Assertion 1. The generator oxygen produced is sufficient to aggressively propagate a fire.

“Contradicting this is the FAA Tech Center May 4, 1994 letter to the Danish AAIB [Air Accident Investigation Board] Report 2/96. On November 24, 1993, SAS MD-87, Registration SE-DIB, incurred a severe fire over the right rear lavatory. Because O2 generators were consumed, the AAIB asked the FAA’s Hughes Tech Center to test these for any possible effects on that fire … From that Tech Center letter response, this AAIB report concluded that:

‘Based on these tests, it was concluded that the involvement of a discharged oxygen generator had minimal effect on the SAS MD-87 fire…’

Of the Tech Center tests, the Tech Center letter…said:

‘Two tests were conducted using solid oxygen generators. The first tests utilized a generator mounted above a pan of jet fuel fire. Over-heating from the fuel fire caused the generator to activate. Intensification of the fuel fire was limited to the immediate area of the discharging oxygen. In the second test the oxygen generator was placed in a cardboard box containing shredded paper. After the box was ignited and burned for a period of time, the generator activated due to the surrounding fire. Again, intensification of the fire was contained to a small local hot spot. Based on these tests, it was concluded the involvement of a discharged oxygen generator had minimal effect on the SAS MD-87 fire.’

Assertion 2. Exterior heat from a discharging oxygen generator will ignite adjacent packing materials.

“Contradicting this is the Tech Center Report DOT/FAA/AR-TN99/9 … May 1999, Activation of Oxygen Generators in Proximity to Combustible Materials … Regarding the exterior (shell) temperature of operating oxygen generators, quote:

‘Test 16 > Scott P/N 801386-83 on thermocouple fixture, pulled pin, max shell temperature 250 F in 8 mins…

‘Test 19 > Puritan P/N 117003-14 on thermocouple fixture, pulled pin, max shell temp 250 F’

“It is important to note here with all of the above tests that both the oxygen output tube and the overpressure relief valve were blocked and thus the oxygen generators were allowed to rupture. In all cases, it did not. Whether or not a potential terrorist would have the necessary knowledge and tools to do the same to a generator secured in place and surrounded by other structures can only be left to the imagination.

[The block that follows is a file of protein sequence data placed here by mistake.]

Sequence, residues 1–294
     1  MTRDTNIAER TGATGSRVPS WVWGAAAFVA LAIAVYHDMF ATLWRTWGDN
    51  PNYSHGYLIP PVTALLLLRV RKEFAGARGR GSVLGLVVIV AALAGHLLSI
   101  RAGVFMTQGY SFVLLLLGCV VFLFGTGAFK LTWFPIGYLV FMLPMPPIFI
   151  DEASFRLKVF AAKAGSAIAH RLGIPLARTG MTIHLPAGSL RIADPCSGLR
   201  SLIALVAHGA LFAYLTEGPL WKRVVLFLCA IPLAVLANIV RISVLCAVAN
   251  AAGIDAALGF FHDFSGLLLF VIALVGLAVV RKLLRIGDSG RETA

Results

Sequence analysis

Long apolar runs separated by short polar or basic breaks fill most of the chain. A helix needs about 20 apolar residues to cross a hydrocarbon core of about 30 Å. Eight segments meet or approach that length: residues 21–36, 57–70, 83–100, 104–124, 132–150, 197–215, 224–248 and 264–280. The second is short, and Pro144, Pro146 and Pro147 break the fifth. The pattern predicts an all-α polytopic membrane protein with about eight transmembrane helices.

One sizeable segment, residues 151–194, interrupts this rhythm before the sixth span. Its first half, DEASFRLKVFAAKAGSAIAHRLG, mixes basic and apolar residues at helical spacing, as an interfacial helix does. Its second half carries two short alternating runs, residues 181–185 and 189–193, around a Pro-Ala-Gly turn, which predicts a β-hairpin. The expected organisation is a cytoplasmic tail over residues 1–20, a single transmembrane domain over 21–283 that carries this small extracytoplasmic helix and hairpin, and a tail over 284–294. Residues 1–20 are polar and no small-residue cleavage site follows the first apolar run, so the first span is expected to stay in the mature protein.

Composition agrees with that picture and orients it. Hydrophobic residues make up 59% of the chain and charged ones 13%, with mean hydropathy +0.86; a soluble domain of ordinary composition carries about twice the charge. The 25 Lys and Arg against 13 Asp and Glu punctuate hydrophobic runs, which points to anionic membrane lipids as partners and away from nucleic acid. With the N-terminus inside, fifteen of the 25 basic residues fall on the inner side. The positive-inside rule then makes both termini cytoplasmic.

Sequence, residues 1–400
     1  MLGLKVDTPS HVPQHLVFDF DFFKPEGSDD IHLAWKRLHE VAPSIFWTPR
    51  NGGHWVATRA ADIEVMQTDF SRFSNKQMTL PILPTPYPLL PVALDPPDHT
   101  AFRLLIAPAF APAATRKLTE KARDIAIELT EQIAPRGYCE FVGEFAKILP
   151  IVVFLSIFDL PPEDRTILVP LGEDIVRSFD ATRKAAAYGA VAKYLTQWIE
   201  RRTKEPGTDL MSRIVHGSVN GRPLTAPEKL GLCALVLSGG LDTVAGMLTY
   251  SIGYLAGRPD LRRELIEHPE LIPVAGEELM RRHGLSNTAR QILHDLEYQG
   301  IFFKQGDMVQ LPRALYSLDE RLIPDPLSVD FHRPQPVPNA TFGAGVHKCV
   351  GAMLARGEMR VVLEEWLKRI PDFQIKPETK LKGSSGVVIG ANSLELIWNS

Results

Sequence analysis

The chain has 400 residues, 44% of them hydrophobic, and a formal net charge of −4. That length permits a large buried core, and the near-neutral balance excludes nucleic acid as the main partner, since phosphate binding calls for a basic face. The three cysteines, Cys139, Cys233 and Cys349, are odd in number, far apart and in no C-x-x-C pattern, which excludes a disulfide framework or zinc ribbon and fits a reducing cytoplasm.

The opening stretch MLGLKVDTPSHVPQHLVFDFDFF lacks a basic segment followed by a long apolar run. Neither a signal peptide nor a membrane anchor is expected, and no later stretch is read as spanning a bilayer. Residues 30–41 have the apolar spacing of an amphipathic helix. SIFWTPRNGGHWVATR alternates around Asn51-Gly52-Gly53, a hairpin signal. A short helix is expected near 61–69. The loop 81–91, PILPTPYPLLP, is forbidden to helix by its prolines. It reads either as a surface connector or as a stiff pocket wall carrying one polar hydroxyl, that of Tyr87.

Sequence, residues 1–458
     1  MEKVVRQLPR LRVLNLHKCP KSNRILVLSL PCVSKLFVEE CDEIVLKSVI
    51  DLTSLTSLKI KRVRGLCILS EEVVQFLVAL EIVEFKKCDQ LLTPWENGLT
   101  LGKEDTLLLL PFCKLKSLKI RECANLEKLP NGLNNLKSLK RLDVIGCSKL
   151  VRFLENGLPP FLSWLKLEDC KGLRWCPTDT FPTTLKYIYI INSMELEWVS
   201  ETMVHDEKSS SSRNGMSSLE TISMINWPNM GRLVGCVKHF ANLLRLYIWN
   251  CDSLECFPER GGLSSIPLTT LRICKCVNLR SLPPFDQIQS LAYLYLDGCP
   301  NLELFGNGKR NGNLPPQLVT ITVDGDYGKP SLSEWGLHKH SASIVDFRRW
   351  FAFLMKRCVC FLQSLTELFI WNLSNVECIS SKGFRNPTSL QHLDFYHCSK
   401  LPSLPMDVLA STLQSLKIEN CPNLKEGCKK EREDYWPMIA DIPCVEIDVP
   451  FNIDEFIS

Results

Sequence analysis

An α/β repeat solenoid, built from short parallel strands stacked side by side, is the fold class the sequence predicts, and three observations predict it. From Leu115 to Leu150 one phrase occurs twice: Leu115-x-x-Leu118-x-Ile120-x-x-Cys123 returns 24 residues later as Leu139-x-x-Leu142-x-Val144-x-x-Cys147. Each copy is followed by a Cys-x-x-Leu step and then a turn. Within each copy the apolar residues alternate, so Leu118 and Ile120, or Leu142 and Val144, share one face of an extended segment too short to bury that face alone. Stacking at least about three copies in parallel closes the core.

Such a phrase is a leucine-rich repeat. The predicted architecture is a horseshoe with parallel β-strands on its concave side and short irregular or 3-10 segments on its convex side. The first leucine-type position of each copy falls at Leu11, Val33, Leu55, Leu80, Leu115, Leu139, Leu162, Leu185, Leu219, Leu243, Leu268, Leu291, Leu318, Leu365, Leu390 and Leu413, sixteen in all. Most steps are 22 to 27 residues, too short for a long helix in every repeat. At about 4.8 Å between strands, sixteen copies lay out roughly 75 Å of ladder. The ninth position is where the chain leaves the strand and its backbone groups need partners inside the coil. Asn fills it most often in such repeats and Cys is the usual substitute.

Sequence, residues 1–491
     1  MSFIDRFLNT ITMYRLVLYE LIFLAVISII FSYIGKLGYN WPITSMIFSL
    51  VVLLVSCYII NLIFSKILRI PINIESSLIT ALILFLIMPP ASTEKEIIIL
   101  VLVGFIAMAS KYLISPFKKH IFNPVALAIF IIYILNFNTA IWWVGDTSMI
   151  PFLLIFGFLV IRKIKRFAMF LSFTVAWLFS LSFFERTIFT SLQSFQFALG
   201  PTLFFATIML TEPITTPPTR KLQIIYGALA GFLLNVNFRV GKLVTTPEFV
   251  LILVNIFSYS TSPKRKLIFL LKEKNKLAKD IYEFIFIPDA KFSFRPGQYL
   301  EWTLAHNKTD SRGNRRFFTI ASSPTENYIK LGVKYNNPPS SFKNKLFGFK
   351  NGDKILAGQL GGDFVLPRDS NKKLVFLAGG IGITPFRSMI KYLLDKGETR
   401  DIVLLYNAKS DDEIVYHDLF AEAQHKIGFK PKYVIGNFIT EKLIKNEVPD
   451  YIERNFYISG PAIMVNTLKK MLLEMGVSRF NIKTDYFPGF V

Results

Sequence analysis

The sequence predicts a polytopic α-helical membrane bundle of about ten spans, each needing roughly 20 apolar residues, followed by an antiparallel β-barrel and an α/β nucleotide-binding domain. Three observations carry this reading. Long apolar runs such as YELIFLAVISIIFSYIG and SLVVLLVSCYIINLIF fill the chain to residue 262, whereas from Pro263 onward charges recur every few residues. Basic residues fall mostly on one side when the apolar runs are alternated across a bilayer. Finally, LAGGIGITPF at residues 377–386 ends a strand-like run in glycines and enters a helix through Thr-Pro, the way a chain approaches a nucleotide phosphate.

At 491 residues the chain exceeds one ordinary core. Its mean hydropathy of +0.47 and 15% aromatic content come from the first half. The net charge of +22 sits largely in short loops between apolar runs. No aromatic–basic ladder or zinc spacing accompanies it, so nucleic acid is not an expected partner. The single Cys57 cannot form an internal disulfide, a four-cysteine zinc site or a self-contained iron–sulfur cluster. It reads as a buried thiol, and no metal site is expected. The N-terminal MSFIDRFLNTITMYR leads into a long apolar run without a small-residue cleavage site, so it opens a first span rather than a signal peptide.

“The industry recognized and accepted auto ignition temperatures for common packing materials (paper, plastic wrap) … of 450 degrees F.

“Based upon these two Tech Center documents, it is inconceivable that oxygen generators have any potential as a terrorist device, or to endanger an aircraft … on the flip side, the FAA did not disclose just how an oxygen generator may be refashioned into a dangerous device. I seek your assurances that nothing mentioned above has had any weight in your decision to take the proven risks of oxygen deprivation to the flying public.”

 

Based on these submissions to the docket, two questions pertain:

1. How will emergency oxygen be provided to someone in the lavatory when a decompression occurs? This publication has suggested an alternative that could not, under any circumstances be utilized by terrorists. (See Aviation Safety Journal, March 2011, “Emergency Oxygen Need Not Come From A Chemical Canister”)

2. How are lavatory O2 generators a hazard to continued safe flight when the Tech Center reports document that they do not get hot enough to ignite adjacent materials?

As of this writing, based on a sample of six airline flights, pre-flight safety announcements are not including a caution to the effect that no emergency oxygen is available in the lavatories.

The reason behind the AD remains shrouded in mystery and speculation, and its ostensible purpose is contradicted by reports from the FAA’s own Technical Center.